Aaannnd, speaking of multibillion-dollar companies, I exclusively covered spend management startup Brex’s second major acquisition last week. The company picked up a 10-person financial planning software startup, Pry Financials, for $90 million. The move was a testament to both Brex’s intent on moving more into being a software provider (and thus diversifying how it generates revenue) and its ongoing commitment to its original target customer: startups.

Since 2019, Pry has raised $4.2 million. Its software is aimed at helping seed to Series B companies do things like create models, budgets and “track critical financial metrics.” Co-founder and CEO Andy Su told me that when Brex CEO and co-founder Henrique Dubugras first approached him, he never expected it would result in an acquisition.

In Su’s own words:

He told me that he really loves what Pry is doing and thinks it could do really well within Brex. And I thought he was just being nice, you know? And just being encouraging to another fellow founder. But it turns out, he really meant it.

Gotta love it.

Brex just paid $90M for Pry Financials

Image Credits: Pry Financials

On a less positive note — once again, was in the news as the company (sadly) followed through on the scoop I had from the week before: laying off more people. Unlike in its two previous rounds of layoffs over the past five months, the online mortgage lender didn’t say how many people it let go — but it’s believed, according to multiple sources, to be anywhere from 1,200 to 1,500. If true, that would mean the company has effectively cut its headcount in half since December 1, 2021. It seems not enough folks took advantage of its voluntary resignation plan.

Meanwhile, remember that leaked video of a post-layoffs meeting the incredible Zack Whittaker and I reported on a few weeks back? Well, that video is now available for all to view on YouTube. And it’s not pretty.

On a more consumer-y note, PayPal and Venmo are increasing their instant transfer fees for both consumers and merchants in the United States in the coming weeks, PayPal announced on April 21. Instant transfers allow customers to transfer their money instantly to a bank account or debit card for a fee.

For personal accounts on PayPal and consumer and business profiles on Venmo, users will pay 1.75% of the transfer amount, with a minimum fee of $0.25 and a maximum fee of $25. Prior to this change, the instant transfer pricing for personal accounts on PayPal and consumer and business profiles on Venmo was 1.5% of the transfer amount, with a minimum fee of $0.25 and a maximum fee of $15. TC’s Aisha Malik gives us the scoop here.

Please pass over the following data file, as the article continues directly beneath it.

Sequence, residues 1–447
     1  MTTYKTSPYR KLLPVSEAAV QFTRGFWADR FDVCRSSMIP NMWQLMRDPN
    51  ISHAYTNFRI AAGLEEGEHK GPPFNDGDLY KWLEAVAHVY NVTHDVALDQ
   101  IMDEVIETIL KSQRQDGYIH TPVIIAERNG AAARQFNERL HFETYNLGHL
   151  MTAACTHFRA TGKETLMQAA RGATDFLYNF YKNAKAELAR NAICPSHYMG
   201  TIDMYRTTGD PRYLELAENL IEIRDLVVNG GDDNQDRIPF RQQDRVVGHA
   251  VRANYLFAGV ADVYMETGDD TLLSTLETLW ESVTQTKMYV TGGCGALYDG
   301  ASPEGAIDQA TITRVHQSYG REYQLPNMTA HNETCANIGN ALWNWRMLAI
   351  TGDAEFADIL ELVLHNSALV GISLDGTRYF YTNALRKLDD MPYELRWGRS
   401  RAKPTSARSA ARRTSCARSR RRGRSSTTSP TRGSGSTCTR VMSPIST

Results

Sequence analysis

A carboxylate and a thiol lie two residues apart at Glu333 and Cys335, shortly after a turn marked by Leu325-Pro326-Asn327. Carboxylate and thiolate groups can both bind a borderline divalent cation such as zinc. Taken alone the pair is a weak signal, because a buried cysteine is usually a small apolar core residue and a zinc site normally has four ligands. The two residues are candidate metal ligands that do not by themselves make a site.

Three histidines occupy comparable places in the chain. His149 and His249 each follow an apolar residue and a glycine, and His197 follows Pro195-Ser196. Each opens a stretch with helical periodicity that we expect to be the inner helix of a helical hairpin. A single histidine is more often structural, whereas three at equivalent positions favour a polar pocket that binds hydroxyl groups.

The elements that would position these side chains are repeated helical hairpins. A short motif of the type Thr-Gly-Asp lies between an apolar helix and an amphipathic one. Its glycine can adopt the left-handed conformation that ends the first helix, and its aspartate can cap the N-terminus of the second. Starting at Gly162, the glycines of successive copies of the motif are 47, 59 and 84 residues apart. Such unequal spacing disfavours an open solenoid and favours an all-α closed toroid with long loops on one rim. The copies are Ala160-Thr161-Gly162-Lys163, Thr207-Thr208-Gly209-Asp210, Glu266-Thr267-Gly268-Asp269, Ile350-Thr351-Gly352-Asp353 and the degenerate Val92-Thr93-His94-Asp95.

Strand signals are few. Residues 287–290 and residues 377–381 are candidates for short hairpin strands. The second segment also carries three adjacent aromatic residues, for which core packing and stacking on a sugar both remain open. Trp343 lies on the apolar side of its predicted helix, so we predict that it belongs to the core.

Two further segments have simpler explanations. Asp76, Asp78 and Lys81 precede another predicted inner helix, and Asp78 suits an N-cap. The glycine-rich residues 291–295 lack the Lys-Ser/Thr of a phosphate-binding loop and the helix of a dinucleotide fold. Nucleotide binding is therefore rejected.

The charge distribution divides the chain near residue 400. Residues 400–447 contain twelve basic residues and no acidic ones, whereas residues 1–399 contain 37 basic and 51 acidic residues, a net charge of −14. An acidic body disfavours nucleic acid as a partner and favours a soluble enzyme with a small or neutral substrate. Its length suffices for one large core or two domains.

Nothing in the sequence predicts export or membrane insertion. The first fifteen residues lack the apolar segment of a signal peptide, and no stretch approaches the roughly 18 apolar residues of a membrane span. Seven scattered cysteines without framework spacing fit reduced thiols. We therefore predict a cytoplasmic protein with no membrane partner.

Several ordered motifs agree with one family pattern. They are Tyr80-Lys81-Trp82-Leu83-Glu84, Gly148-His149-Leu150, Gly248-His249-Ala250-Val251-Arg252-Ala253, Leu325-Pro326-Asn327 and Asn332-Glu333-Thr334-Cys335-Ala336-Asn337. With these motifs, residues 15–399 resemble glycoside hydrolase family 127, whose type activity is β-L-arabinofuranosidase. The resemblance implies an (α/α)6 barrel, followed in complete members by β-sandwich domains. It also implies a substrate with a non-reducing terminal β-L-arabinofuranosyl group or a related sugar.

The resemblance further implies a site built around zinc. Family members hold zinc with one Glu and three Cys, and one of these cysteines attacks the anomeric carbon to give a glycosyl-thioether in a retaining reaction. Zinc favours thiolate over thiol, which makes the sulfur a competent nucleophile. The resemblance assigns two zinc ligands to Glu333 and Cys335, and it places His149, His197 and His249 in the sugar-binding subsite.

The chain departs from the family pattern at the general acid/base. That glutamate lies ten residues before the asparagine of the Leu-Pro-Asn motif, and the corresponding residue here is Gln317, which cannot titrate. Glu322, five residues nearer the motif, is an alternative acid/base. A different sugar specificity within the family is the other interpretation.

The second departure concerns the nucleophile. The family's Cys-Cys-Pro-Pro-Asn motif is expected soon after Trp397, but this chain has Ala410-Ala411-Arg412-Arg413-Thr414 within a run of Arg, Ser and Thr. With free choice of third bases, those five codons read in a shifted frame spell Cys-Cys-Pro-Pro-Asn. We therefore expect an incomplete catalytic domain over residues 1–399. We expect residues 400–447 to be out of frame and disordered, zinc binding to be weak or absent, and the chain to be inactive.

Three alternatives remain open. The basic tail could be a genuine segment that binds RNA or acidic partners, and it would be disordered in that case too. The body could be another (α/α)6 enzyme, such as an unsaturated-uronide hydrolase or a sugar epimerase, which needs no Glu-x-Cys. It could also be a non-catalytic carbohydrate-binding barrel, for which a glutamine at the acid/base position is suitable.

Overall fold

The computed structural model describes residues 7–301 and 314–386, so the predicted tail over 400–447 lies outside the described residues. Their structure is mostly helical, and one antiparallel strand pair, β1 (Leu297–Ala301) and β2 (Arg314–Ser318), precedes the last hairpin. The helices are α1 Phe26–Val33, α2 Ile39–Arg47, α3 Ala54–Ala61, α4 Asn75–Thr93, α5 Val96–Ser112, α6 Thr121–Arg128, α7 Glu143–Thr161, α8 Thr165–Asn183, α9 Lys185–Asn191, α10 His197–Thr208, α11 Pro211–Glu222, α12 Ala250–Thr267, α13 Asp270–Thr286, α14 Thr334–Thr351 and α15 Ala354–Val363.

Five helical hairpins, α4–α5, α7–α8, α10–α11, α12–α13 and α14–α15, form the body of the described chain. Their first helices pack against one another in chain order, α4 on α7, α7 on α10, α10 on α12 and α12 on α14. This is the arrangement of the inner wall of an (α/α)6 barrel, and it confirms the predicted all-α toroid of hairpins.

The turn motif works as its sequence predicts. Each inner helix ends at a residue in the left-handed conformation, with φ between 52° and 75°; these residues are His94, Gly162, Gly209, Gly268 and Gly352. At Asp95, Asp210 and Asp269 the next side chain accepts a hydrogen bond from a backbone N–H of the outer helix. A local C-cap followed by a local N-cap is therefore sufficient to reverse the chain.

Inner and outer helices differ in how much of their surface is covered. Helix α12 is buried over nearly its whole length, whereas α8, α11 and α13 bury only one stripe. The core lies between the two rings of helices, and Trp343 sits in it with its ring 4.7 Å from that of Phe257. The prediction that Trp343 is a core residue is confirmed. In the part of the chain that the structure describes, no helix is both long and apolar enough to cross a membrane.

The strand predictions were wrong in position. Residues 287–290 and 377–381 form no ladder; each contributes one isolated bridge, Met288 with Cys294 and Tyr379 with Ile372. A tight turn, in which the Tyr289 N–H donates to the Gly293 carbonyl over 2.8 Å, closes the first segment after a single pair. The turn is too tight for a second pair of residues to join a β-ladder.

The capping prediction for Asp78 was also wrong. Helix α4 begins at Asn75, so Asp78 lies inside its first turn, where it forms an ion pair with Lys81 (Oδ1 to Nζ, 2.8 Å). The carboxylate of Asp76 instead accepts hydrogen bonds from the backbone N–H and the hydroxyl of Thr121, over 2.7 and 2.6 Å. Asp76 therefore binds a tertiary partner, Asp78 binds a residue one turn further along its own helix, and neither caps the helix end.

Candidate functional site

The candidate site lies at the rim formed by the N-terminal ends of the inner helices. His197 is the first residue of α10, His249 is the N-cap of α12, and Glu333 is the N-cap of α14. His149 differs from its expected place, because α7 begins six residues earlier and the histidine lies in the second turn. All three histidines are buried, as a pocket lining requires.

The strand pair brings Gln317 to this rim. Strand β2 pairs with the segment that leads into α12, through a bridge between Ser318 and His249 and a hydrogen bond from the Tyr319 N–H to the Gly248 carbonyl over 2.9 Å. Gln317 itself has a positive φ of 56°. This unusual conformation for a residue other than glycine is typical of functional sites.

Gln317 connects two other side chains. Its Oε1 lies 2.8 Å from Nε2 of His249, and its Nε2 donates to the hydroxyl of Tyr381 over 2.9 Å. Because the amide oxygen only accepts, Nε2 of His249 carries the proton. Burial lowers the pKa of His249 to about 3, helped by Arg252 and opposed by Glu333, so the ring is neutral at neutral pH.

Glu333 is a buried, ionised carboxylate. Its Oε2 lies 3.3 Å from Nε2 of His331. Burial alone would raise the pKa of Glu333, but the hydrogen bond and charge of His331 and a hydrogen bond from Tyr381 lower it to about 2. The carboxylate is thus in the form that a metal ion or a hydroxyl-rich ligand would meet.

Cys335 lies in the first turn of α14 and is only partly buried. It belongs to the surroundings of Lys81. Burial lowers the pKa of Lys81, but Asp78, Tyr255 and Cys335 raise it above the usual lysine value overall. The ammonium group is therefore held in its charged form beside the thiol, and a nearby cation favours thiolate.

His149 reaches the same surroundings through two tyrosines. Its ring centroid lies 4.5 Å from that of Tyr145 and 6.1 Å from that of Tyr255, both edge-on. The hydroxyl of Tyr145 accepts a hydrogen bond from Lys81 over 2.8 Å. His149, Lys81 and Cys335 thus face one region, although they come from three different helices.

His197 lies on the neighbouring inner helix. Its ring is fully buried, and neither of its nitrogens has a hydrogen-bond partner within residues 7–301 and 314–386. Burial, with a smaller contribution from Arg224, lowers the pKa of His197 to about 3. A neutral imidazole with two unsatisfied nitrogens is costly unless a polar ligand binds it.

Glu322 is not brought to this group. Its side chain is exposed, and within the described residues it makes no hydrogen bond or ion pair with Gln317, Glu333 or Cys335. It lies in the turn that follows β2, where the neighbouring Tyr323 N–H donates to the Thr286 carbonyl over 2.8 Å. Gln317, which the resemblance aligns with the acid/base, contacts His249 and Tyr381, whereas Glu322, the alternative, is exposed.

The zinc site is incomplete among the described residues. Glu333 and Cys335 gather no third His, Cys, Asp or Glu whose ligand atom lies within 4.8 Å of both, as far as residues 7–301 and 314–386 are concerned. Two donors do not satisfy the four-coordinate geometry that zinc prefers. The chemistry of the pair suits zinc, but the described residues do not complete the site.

On April 21, Marqeta announced its new RiskControl product suite aimed at helping card issuers combat payment card fraud. The company says that global card payments are increasing annually, with more than 450 billion card payments processed in 2020 alone. So it’s only logical that fraud is up as well.

“When we talk to our customers, the threat of payment fraud comes up consistently as one of their biggest business concerns. We’re seeing fraud increases worldwide weigh heavily on card issuers and processors, intensifying the need to offer highly effective risk and fraud management solutions that are tailored to individual cardholder experiences,” said Randy Kern, chief technology officer of Marqeta, in a statement.

Spend management startup Airbase, which targets mid-market companies, is hosting its first annual conference: Off the Ledger LIVE!, on April 26. The virtual one-day event is free to attend and will feature five CPE-eligible sessions featuring folks such as former Oracle CFO Jeff Epstein; Doximity CFO Anna Bryson; Jenny Bloom, former CFO at Zapier and Mailchimp; and Menlo Ventures Partner Matt Murphy, among others. Session topics will include fundraising, data, automation and remote teams. 

“Finance teams are typically asked to do more with less. As companies scale, they are definitely the team that doesn’t grow linearly,” said Airbase Founder and CEO Thejo Kote. Learn more here. 

A couple of weeks back, Tage covered some startling allegations against Olugbenga Agboola, CEO of African fintech Flutterwave. The executive was initially quiet but on April 19, he addressed those allegations for the first time in an email to employees. In this piece for TechCrunch, Tage breaks down what Agboola had to say in response, and perhaps even more importantly, what he didn’t have to say.